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Iraqi Kurd jailed in Germany for recruitment of insurgents

Iraqi Kurd jailed in Germany for recruitment of insurgents

An Iraqi Kurd accused by German prosecutors of recruiting fighters and raising cash for the Iraqi insurgency was convicted in a precedent-setting terrorism trial and jailed for seven years yesterday.

Lokman Amin Mohammed, 33, was the first person to be tried in Germany for belonging to a foreign terrorist organization, which was made a criminal offence here in the wake of the September 11 attacks on the United States in 2001.

Prosecutors said he was a leading figure in Western Europe for Ansar al-Islam, an insurgent group which the United States has linked to al-Qaida and its leader in Iraq, Abu Musab al-Zarqawi.

They said Mohammed provided money and medical and communications equipment for Ansar, and recruited fighters, one of whom later carried out a suicide attack.

He was also accused of illegally bringing Iraqi fighters to Europe for medical treatment, including an explosives handler who had lost both hands in an accidental blast and was smuggled into Britain via Italy and France in September 2003.

"Ansar al-Islam has carried out numerous attacks in Iraq, killing many people," said presiding judge Bernd von Heintschel-Heinegg, referring to the militant group which has also operated under the name Ansar al-Sunna. He said the Munich court had no doubt that Mohammed was a member of it.

Investigators have uncovered increasing evidence in the past year of militants recruiting volunteers in Europe, including suicide bombers, to go and join the insurgency against U.S., allied and Iraqi forces.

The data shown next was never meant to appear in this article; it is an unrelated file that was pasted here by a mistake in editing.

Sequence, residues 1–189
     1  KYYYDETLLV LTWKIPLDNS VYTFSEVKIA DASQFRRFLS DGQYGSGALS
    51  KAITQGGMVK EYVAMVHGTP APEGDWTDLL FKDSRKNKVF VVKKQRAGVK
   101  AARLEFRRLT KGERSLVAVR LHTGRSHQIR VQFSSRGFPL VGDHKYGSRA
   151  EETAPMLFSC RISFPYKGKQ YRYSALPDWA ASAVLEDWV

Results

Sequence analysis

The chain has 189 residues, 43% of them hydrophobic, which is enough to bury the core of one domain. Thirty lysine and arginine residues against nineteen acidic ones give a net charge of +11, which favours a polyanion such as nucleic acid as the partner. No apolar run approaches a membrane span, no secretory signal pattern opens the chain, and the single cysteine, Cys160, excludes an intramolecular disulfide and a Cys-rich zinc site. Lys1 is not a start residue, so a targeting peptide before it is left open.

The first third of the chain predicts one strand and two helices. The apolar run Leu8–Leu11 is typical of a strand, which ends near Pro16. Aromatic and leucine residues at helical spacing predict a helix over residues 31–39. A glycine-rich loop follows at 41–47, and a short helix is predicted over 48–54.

French officials said last year at least five young men from a single Paris district had already died fighting in Iraq, one of them in a suicide attack. A 38-year-old Belgian woman blew herself up near Baghdad in November in what was believed to be the first suicide attack in Iraq by a European woman.

On Tuesday, Spain arrested 20 people suspected of recruiting Islamist fighters for Iraq, smashing two alleged al-Qaida-linked cells.

Intelligence chiefs have voiced concern that some militants, hardened by battle experience in Iraq, will return to Europe sooner or later and carry out attacks there too.

Mohammed's defense lawyers did not contest some of the accusations against him, including that he raised funds for the insurgency and was involved in recruitment. They accepted that he was a fundamentalist Muslim committed to "holy war," but denied he was a member of Ansar al-Islam and argued for a lesser sentence than the seven years sought by prosecutors.


Updated : 2021-05-09 18:34 GMT+08:00